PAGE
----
Ecosystems store, purify and regulate the water we drink or use for irrigation, provide hydro and geothermal energy resources, and strengthen resilience to adverse climate risks such as floods and droughts, among others. There is consensus for the need to conserve ecosystems for them to provide these services. However, sustainably funding such protection activities remains a significant challenge. One of the obstacles is to assign an economic value to the services that ecosystems provide. An environmental protection fee acts as a proxy economic value to one or more of these services. In Bago’s case, every water consumer is charged based on a defined consumer category. Businesses pay 2 percent of their business tax upon establishing or renewing their business permit. Rice producers pay a fee of PhP 75 per hectare per year, while sugar producers are charged PhP 1 per 50-kilogram bag, equivalent to PhP 75 per hectare per year. Individual households connected to a water meter pay 50 centavos per cubic meter of water consumed, while households without a meter are charged PhP 5 per month. The first challenge for the implementation of the EPF Ordinance is the collection process. While business permit renewal is done at the City Treasurer’s Office, collecting from farmers and individual households requires the City of Bago to link up with strategic partners such as irrigation and farmers’ associations, cooperatives, and barangay councils. “Bago City is the first LGU to implement the Environmental Protection Fee Ordinance so I am very proud that our irrigation association is involved in this undertaking,” says Rosemary Caunca, a retired government employee turned rice farmer. At 80 years of age, Mrs. Caunca is the President of the Irrigation Association in Bago, one of the collecting agents the city partnered with. For their collection efforts, each partner organization is entitled to a 10 percent share of the collected fee to cover administrative costs. The funds are aggregated at the City Treasurer’s Office where accounting and reporting of the projected PhP 3 to 4 million per year follows government rules and regulations.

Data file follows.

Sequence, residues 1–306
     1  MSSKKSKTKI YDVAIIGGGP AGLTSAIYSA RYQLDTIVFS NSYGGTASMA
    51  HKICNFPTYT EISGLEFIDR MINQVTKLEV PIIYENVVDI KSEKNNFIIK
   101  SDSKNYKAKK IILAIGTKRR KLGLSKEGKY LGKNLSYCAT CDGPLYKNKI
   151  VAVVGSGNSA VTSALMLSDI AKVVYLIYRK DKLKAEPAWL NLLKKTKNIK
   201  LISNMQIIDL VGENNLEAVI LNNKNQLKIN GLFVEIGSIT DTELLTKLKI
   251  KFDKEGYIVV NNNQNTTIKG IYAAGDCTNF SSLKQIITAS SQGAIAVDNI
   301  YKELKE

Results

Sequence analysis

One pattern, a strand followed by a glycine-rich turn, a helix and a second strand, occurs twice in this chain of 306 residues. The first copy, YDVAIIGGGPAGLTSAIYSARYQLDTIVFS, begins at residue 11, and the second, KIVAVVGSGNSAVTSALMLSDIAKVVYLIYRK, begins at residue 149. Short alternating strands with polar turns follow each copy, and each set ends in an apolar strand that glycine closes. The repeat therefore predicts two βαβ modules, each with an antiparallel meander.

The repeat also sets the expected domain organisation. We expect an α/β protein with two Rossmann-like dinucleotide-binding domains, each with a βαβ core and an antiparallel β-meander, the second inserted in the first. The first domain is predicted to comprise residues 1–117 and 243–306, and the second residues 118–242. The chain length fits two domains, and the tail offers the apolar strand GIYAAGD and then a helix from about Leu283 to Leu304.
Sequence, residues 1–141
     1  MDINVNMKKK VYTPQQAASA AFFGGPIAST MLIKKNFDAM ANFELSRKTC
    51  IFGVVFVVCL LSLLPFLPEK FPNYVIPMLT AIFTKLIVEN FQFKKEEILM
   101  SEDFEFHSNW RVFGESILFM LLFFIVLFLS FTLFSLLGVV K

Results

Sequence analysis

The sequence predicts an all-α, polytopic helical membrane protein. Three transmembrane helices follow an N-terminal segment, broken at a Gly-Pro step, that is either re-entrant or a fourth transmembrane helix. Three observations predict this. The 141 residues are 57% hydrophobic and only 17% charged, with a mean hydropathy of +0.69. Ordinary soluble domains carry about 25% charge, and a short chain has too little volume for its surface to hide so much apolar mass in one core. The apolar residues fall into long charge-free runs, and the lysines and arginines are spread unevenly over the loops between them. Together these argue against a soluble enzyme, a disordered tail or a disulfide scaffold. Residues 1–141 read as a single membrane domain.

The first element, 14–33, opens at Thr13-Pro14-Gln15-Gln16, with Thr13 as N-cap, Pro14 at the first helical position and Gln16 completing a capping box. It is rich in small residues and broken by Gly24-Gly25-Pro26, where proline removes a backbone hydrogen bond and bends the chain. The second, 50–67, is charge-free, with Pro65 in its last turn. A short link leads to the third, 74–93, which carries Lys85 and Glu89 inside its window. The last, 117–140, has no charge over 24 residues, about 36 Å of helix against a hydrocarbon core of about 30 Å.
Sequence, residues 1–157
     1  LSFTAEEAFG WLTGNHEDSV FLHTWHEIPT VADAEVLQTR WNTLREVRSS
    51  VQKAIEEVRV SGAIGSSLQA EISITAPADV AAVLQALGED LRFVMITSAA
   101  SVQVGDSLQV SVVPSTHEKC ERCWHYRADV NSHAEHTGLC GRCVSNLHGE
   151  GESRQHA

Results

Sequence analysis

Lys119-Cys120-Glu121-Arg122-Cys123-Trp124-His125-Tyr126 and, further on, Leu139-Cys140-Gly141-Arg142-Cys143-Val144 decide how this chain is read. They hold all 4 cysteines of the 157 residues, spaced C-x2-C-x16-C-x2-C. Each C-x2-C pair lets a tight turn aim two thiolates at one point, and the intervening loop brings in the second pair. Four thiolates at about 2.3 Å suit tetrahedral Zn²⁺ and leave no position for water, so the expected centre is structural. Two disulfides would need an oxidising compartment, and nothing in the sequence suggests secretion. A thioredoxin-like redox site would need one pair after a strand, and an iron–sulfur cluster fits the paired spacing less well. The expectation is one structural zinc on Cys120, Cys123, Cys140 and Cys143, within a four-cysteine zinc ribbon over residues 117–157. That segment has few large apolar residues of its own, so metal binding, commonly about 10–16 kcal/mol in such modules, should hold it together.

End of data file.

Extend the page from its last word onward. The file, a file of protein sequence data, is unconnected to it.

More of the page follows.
Funds for protection